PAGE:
Q: You've organized Google Movies outings for employees and their families. You don't have an MBA, but it sounds suspiciously like one of those team-building exercises that everyone learns about in business school. Does it work?

A: Sure does. The outings were started by Georges Harik, a Google engineer, and me. More than an MBA team-building exercise, this was something that grew out of our culture. Georges and I both loved movies so we were eager to share and organize
outings with our colleagues. They were a big success. In fact, most early Googlers counted on Google Movies as their Friday-night activity.

Q: Your favorite flick from movie night?
A: Fight Club. It helped us bond in the office. We went around the office quoting lines from the movie for a whole month.

Q: Speaking of fighting, do you wake up every morning thinking of ways to kick Microsoft's butt-like launching Chrome, your new web browser? Is that what gets you up in the morning?

A: What gets me up in the morning is having one of the most fabulous jobs in the world. I would come here even if they didn't pay me. (My boss is just nice enough not to take me up on that.) It's hard to think of doing something more meaningful than helping people get the best possible information and answer questions that are closest to their hearts. That being said, we need to be aware of what the competition is doing and the shifts in the industry. But some companies pay so much attention to what the competition is doing that it forces them to make bad decisions. As Omid Kordestani, our senior VP for global sales, says: "You don't want to be looking in the rearview mirror so much that you drive off the road." You need to stay focused on your core.

Q: If that's the case, why is Google developing the GPhone or working on renewable electricity technology? Isn't the company in danger of "driving off the road"?
A: First, tackling big problems is what Google does. The mobile phone platform will be incredibly important for search and information access in the future. Helping that technology along is in Google's-and our users'-best interest. For instance, we care deeply about the climate crisis. Wind works well, solar works well, and a lot of other alternative energy solutions work well, but the economics haven't been worked out. We try to look at problems and ask, "What would we like to see happen here?" Sometimes that means rolling out a product ourselves, or it could mean providing an incentive for someone else to do it. It certainly isn't a matter of Google trying to master everything.

Q: How does a new Googler, specifically an MBA, shoot up the ladder?

A: The race is really with yourself. We have a policy that allows you to nominate yourself for a promotion and raise, so you can climb the ladder that way. People who thrive at Google are eager to grab hold of more responsibility. There is a lot more work here than there are people to do it. Some people arrive at the company and feel overwhelmed by that fact. They'll say, "This isn't getting done, that isn't getting done. There's no one assigned to this. Wow, there is no product manager on Google Toolbar." Other people, the ones who really do well, say, "Look, there is no product manager on Google Toolbar. I can move over there and take on that responsibility and grow it into something really big." That kind of mindset leads to advancement.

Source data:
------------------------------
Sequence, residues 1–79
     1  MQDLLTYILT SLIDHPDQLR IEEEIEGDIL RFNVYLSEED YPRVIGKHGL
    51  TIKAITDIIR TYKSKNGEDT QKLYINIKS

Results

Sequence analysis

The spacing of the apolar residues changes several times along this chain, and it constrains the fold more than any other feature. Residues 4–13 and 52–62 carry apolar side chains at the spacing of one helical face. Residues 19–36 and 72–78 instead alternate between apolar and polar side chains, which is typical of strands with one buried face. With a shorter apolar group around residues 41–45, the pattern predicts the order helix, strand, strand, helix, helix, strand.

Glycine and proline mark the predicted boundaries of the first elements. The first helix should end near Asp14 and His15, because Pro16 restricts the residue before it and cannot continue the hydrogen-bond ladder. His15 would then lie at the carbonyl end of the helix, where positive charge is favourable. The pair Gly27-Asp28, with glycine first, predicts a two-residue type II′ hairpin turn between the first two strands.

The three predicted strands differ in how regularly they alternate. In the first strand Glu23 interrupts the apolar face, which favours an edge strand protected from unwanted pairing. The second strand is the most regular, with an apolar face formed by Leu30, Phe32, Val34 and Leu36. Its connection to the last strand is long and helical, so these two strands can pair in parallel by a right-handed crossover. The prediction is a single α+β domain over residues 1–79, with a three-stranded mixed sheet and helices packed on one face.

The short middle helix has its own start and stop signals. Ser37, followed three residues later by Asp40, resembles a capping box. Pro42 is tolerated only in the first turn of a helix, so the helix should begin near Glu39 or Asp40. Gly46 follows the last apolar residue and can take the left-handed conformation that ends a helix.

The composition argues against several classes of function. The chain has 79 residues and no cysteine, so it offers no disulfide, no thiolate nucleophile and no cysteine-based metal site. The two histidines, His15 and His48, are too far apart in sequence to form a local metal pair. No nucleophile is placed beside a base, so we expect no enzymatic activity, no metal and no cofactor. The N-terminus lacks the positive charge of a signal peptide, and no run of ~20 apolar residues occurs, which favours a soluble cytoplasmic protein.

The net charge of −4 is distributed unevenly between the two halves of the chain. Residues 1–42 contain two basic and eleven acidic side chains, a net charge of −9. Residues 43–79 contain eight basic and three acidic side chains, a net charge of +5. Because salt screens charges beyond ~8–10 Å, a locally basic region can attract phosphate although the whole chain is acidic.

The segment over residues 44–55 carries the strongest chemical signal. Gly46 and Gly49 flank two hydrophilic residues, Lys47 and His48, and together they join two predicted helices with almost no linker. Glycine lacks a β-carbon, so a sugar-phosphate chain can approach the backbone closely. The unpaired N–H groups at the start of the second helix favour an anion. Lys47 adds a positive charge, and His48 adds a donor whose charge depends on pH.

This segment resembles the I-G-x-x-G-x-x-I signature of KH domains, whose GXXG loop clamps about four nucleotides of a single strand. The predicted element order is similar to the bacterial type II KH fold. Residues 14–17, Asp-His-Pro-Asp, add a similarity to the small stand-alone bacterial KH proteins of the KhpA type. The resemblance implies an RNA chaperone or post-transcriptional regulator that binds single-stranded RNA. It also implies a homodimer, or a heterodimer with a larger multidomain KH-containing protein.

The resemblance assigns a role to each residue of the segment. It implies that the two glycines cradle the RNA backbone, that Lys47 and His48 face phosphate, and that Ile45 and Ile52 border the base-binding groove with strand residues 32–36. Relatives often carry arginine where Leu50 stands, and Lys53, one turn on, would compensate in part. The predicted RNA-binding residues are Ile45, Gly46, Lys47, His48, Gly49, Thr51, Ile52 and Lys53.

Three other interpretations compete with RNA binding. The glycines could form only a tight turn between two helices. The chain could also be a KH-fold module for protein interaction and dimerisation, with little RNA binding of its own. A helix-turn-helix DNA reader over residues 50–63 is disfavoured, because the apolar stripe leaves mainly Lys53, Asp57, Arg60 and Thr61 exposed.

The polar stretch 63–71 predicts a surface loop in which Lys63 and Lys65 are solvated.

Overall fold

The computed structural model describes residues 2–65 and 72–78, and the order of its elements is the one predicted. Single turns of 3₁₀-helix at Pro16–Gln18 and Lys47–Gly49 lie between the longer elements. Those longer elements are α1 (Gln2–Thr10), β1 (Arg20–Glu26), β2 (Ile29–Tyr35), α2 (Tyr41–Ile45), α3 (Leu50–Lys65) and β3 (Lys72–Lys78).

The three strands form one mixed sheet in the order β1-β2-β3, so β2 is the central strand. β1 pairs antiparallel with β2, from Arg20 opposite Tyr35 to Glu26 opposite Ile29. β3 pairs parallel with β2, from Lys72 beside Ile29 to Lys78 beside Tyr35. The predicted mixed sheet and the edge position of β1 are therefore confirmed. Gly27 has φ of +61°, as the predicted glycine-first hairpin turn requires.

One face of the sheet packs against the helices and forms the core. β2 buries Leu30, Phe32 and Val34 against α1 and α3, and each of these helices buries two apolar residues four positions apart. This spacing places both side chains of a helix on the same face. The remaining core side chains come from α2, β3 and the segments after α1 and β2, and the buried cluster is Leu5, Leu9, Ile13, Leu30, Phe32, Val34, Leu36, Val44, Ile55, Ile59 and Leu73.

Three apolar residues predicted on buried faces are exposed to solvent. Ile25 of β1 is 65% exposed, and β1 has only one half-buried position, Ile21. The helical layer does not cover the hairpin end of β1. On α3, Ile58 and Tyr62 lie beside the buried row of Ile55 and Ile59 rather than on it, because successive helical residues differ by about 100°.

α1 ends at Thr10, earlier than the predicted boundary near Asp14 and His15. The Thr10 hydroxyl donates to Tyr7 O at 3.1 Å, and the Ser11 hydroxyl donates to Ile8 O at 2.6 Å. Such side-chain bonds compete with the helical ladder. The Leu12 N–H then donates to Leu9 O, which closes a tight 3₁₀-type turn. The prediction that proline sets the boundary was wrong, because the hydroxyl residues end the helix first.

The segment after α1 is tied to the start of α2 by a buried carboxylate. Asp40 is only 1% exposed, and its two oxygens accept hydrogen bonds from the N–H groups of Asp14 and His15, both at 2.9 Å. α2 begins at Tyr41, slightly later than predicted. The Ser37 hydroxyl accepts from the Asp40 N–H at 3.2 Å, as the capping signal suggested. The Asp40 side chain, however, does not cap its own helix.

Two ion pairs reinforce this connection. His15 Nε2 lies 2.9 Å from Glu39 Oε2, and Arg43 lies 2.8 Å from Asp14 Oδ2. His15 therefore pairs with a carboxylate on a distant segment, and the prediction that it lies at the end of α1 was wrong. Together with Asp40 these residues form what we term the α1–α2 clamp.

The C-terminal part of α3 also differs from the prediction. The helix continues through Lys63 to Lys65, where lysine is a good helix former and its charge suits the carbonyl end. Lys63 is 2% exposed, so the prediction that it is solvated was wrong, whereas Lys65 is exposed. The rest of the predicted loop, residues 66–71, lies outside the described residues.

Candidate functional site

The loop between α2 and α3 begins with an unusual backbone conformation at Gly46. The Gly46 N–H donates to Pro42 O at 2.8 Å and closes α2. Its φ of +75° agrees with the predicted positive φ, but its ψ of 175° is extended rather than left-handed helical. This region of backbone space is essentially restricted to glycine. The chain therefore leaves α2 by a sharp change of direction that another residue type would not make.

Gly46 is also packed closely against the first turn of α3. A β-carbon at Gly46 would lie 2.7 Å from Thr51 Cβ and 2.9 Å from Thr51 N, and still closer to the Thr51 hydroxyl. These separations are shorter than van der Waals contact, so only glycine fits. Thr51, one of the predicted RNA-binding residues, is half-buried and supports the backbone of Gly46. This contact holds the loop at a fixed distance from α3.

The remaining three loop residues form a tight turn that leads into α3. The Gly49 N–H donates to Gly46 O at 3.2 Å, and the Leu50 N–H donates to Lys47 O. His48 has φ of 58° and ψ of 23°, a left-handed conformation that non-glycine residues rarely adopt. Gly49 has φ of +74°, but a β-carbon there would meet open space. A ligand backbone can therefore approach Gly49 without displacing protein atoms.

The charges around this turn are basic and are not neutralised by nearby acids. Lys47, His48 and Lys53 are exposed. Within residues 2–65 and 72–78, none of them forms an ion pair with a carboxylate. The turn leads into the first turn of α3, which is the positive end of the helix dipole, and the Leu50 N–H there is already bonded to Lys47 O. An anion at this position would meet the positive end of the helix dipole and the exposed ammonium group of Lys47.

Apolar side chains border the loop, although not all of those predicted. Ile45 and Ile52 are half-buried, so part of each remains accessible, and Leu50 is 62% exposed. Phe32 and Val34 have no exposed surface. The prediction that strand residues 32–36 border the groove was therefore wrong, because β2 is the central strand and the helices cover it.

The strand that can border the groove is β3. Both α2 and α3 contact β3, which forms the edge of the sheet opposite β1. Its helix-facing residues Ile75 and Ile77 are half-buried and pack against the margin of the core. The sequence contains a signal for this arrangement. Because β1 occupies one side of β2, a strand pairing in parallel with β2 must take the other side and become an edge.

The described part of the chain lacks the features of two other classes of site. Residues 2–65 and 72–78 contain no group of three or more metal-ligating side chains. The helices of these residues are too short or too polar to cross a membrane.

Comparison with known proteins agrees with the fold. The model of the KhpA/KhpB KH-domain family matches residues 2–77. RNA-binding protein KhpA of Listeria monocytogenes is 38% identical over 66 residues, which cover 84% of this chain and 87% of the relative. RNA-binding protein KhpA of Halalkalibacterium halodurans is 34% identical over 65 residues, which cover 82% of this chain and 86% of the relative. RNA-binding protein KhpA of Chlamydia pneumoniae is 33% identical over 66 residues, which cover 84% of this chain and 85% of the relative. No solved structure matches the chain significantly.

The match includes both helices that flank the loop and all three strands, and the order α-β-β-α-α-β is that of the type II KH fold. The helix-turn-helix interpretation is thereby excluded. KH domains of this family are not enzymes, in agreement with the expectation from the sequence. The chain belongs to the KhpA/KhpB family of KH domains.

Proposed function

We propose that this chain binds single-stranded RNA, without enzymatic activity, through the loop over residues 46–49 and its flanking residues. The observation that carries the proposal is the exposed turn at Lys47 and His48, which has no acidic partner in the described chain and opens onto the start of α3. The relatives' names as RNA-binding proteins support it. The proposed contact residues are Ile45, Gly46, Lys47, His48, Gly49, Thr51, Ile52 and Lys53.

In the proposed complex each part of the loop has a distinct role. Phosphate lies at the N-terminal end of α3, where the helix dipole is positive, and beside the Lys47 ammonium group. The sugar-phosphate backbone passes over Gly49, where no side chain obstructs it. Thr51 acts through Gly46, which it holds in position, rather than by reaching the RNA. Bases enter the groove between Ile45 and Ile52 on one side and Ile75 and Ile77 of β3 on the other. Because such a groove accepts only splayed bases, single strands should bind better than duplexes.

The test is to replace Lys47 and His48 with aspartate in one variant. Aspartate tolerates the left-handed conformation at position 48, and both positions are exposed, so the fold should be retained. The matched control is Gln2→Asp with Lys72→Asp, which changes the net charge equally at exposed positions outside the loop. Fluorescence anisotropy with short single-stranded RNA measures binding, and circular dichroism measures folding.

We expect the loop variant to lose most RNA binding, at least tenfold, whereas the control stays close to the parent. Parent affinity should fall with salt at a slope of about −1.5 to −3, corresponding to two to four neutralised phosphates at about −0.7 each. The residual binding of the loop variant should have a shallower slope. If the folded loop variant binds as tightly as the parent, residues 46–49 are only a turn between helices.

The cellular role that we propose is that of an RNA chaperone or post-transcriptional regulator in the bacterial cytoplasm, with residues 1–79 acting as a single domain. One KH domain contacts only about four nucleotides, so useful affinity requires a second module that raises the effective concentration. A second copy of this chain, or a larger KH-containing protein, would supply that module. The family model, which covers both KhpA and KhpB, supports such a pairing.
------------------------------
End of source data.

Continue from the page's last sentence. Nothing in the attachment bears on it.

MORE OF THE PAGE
Q: You've said the mission of Google is to be like a Swiss Army knife-clean, simple, the tool you want to take everywhere. How do you keep your very smart engineers from trying to add bells and whistles?

A: Google engineers focus on the user first. It's in the air and water here. Yes, we are busy taking everything to the next level-making searches faster and easier-but that's happening on the back end. The technology gets ever more sophisticated, but the interface remains simple and approachable. Our explicit mission is: Type what you want in the box, and we'll give it to you. The fact that you can search a thousand times as much information as you did a few years ago, or that Google can handle a thousand times as many searches as we did a few years ago, isn't reflected in the interface, which is still simple.

Q: You repeatedly mention taking the long-term view in terms of developing products at Google for the user. How does this square with the company's need-and every company's need-to report bottom-line growth every quarter?
A: We put a premium on the longterm happiness of the user. Too many companies forget that if you put the users first and serve them well, you'll build a very strong and healthy business. We're not going to take a $10 million ad buy and put another company's logo on the home page for the day. The equation is pretty simple: If we make our users happier, we get more search. If we get more search, we get more ad clicks. If we get more ad clicks, we get more advertisers. That's how you generate an upward spiral.

Q: In a company of engineers, where even some of the corporate counsel has computer science credentials, where do MBAs fit in? Should they have a little computer science tucked away in their back pockets?

A: If an MBA is working with an engineer, you bet she should. But we also have MBAs who are successful without any CS experience. They usually work in business operations, marketing, and customer support. They are very effective here. It takes a village to make
Google a success.

MBA Jungle, Winter 2008-2009